If we told you that tattoos were completely risk-free, we would be lying to you. In fact, the reason we put together this website is so that you can take your health into your own hands and be as best and most accurately informed as possible before sitting for your session. Though nerve damage from tattoos is extremely rare, it’s definitely one of the strange tattoo risks you should be aware of.
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Related: Tattoo Side Effects
The Tattooing Process
Getting a tattoo is essentially a medical procedure and, as such, if it isn’t handled from an experienced professional, it could be risky. The process of tattooing involves single or multiple needles piercing your epidermis and depositing ink into your dermis. Your dermis sits on top of your muscles, fat, and nerves called the hypodermis or subcutaneous tissue.
A qualified and skilled tattoo artist knows not to go below the dermis when they’re depositing the ink into your skin. The thickness of your epidermis and dermis varies on different locations of your body, and a talented artist will know how to handle any skin, regardless of placement.
Sometimes, if the ink is deposited too low into the dermis or rather into the layer of fat which sits beneath it, you can experience something called tattoo blowout. Im extremely rare cases, this needle may go even deeper and that presents a much bigger risk than just an ugly tattoo.
The Chance of Getting Nerve Damage From A Tattoo is Extremely Small
Unless you are jumping around during your tattoo or your artist has absolutely no idea what they’re doing with your skin, then the chances of getting nerve damage from a needle slip up is exceptionally rare. Even the most beginner artists know to “ride the tube” when they’re tattooing in order to better control the depth of the needle.
If the needle were to somehow go past the hypodermis, piercing a nerve that lies within it, then you could suffer nerve damage from your tattoo. If you, like any responsible individual who wants to get tattooed, avoid inexperienced artists or tattoos out of your friend’s basement, there is a very minimal chance of this occurring.
There are some areas of your body that have a significantly thinner epidermis, dermis, and hypodermis, increasing the chances for your nerve to be hit by the needle. In most cases, you may just experience more of a twitching reaction to the tattoo in the following areas:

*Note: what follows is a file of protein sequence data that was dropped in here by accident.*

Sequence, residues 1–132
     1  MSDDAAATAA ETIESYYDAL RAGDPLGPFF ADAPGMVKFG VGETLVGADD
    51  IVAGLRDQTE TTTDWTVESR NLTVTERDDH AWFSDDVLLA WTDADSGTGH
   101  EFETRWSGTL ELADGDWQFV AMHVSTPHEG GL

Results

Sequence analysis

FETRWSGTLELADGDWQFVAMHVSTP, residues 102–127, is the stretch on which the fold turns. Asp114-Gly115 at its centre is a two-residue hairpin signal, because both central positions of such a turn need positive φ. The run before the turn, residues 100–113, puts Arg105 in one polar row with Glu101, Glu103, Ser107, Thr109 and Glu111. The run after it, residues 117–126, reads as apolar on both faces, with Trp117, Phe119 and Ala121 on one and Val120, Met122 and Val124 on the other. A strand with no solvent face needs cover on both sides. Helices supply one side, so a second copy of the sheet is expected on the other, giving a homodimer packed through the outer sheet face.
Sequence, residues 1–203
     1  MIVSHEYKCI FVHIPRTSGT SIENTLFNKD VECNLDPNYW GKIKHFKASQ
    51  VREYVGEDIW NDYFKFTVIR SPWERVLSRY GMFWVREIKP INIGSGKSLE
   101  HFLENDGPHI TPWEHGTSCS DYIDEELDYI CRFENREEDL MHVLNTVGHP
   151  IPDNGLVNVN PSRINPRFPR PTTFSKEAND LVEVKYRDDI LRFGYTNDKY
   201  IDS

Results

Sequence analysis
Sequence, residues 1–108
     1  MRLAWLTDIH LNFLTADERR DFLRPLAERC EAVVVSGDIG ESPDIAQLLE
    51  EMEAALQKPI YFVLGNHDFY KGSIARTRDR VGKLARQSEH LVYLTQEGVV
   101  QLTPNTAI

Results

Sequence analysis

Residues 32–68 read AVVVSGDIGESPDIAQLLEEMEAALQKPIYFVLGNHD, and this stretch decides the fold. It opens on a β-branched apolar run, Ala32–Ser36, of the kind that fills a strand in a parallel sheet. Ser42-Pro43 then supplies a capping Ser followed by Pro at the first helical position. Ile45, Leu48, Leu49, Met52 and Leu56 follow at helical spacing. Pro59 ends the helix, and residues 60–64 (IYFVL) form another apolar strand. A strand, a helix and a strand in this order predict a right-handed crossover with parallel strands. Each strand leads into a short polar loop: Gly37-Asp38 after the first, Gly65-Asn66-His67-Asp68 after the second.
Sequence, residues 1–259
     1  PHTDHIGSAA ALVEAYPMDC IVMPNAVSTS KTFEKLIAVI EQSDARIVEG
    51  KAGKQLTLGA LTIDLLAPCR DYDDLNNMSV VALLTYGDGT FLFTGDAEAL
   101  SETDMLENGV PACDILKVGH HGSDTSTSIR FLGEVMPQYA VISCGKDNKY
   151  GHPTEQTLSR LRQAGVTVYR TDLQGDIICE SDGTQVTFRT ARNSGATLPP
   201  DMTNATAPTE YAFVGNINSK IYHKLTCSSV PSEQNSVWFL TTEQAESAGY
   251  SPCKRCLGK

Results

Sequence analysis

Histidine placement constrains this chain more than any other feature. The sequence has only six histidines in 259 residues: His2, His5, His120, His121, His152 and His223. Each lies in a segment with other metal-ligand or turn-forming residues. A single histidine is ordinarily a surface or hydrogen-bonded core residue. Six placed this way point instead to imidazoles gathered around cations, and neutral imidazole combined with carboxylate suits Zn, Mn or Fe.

- Head and face
- Behind the knees
Keep in mind that the fact that you are feeling pain during a tattoo means that the needle and procedure are encountering nerve receptors (which allow you to receive and process pain), but they are not damaging, piercing, or penetrating the nerves. This pain will heal during the aftercare process. As such, feeling a tingling or stinging sensation after a tattoo is completely normal and is not a sign of nerve damage.
What You Should Be Wary of When Getting a Tattoo
Nerve damage is the least of your tattooing concerns! The following symptoms are far stranger and more common risks associated with getting a tattoo:
- Ink Allergies - You may have immediate or a long-term development of allergies due to the ink used.
- Concealing Skin Cancer - If you tattoo over moles or birthmarks, you cannot monitor your skin for possibilities of skin cancer.
- Bacterial Infections - This medical procedure puts a wound on your skin that is open and vulnerable to numerous infections, not to mention the possibility of unsanitary tattooing conditions putting you at a great risk of infection.
- Tattoo Blowout - Tattoo blowout is the sign of an inexperienced artist, and it can only be discovered a few days after your tattoo has healed - and truly can’t be fixed but needs to be covered!
- Keloid Scarring - Are you or your family members prone to keloid scars? If so, you may experience some serious deformation of your tattoo if it heals with a keloid!
Our Final Thoughts
Nerve damage is extremely rare and is nothing to truly worry about when you are getting your tattoo. Ensuring you are selecting a tattoo artist who is professional and experienced, especially with your placement choice, means you will not likely experience more than a little bit of pain due to the stimulation of your nerve endings in your skin.